U.S. Army Finalizes Deal for Two Iron Dome Systems

The U.S. Army has finalized a deal to procure two Iron Dome missile defense systems as part of an interim cruise missile defense capability.  The system is codeveloped by Raytheon and Israel-based Rafael.

The Iron Dome systems fulfill a congressional mandate in the FY19 budget that  the Army field two interim cruise missile defense systems by FY20.  Depending on how the Iron Dome batteries perform during testing and in the field, they could feed into an enduring capability.

“We’re conducting analysis and experimentation for enduring IFPC,” said Daryl Youngman, the deputy in charge of Army air and missile defense modernization. “So that includes some engineering-level analysis and simulations to determine the performance of multiple options, including Iron Dome — or pieces of Iron Dome — and then how we integrate all of that into the [integrated air and missile defense] system,” Youngman added.

The system falls under the Army’s broader Indirect Fires Protection Capability program.

About Shaun McDougall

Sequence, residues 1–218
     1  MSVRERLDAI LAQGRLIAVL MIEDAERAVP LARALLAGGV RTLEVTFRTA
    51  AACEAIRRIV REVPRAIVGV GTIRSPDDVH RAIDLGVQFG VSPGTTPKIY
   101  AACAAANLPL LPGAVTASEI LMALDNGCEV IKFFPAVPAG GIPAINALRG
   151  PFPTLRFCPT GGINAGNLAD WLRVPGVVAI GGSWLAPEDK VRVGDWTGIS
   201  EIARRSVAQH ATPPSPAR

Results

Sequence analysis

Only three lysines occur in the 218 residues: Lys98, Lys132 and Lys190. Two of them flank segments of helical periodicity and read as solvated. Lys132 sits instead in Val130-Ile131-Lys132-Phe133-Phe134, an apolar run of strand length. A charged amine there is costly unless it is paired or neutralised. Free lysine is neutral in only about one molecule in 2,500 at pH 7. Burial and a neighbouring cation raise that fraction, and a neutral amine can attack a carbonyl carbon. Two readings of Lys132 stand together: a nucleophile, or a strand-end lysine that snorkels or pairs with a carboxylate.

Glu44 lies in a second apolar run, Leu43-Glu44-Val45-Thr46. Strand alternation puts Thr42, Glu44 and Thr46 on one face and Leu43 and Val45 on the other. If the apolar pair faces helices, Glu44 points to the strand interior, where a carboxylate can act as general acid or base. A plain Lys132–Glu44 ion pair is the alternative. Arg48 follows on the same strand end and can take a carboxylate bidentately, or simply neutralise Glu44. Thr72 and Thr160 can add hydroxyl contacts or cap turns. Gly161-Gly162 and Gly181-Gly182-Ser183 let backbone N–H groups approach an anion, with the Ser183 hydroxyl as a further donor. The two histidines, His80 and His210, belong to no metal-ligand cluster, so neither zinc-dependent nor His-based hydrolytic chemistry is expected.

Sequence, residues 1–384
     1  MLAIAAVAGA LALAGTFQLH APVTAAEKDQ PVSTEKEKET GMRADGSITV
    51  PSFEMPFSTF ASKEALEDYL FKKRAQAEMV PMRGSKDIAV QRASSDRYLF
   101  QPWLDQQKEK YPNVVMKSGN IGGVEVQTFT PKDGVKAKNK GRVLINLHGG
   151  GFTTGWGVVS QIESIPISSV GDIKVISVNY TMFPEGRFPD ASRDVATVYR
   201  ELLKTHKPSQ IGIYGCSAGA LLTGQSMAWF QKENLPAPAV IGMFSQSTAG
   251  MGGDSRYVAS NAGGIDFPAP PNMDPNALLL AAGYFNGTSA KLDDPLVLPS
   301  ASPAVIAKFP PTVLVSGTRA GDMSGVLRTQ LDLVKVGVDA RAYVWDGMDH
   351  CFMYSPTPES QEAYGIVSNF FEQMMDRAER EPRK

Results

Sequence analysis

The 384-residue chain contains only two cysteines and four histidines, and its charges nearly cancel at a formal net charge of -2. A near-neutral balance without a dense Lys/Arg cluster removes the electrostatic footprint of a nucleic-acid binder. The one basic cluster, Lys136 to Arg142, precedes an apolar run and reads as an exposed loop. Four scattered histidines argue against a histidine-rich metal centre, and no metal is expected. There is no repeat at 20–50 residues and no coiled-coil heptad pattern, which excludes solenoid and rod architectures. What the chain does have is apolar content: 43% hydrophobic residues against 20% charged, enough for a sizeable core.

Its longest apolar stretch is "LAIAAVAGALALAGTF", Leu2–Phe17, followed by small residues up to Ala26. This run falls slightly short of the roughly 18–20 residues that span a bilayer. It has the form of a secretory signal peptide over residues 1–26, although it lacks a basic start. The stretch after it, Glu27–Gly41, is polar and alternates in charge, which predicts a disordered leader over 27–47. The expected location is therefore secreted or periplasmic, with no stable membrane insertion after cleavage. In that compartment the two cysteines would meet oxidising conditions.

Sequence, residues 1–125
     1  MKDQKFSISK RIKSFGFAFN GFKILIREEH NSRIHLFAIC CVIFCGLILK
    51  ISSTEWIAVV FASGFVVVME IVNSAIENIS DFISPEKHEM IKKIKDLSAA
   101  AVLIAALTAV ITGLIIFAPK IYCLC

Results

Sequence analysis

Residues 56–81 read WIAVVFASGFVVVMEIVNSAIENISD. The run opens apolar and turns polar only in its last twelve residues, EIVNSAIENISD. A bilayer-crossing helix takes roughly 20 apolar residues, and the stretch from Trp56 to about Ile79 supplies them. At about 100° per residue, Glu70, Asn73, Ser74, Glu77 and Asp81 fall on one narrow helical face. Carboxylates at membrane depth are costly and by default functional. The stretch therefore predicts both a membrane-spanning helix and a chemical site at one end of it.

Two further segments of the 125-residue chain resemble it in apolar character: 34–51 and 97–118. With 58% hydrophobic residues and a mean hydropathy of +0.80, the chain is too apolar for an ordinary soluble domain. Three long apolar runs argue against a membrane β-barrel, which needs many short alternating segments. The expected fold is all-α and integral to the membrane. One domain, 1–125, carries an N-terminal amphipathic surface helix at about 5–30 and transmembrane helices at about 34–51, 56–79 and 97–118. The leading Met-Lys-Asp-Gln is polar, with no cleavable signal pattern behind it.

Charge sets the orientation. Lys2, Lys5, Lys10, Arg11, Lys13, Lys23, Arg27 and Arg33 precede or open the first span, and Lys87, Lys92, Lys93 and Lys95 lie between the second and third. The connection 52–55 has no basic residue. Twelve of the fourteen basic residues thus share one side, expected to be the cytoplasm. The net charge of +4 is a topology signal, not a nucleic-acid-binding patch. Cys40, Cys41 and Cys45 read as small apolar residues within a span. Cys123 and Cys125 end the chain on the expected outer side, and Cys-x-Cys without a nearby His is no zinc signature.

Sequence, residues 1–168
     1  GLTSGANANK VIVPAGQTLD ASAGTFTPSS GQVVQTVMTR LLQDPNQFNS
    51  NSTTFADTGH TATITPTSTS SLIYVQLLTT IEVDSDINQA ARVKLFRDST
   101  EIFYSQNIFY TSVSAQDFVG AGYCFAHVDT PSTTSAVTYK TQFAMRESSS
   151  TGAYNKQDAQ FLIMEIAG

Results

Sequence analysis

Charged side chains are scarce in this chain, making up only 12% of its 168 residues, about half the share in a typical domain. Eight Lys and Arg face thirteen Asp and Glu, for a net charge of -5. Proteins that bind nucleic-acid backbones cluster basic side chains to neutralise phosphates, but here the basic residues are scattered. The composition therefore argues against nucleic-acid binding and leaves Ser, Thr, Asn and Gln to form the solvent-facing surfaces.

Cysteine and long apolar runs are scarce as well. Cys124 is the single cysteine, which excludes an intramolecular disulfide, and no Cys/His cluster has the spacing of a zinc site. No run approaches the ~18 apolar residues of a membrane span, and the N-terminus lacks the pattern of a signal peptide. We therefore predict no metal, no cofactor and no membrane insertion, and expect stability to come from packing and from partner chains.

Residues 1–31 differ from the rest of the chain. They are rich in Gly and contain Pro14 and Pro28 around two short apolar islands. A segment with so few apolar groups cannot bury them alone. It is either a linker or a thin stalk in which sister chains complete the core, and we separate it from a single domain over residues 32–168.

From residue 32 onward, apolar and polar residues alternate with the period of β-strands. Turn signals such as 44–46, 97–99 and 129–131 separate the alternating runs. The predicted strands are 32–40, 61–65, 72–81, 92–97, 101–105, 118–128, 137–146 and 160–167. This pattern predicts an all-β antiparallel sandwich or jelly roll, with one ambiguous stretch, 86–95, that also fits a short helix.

As editor of International Military Markets, North America, Shaun has cultivated a deep understanding of the vast defense markets in the United States and Canada. Shaun's perspective on defense procurement and budget issues has been cited in a variety of defense periodicals, including Defense News and National Defense Magazine. Further, Shaun played an integral role in the development of Forecast International's U.S. Defense Budget Forecast product, which offers an unprecedented level of insight into the Pentagon's acquisition budget. In addition to providing original analytical content for the U.S. Defense Budget Forecast, Shaun oversees an internal defense budget forecasting process involving Forecast International's team of skilled systems analysts following release of the DoD's annual budget request. Shaun is also in charge of managing Forecast International's Weapons Inventory database.

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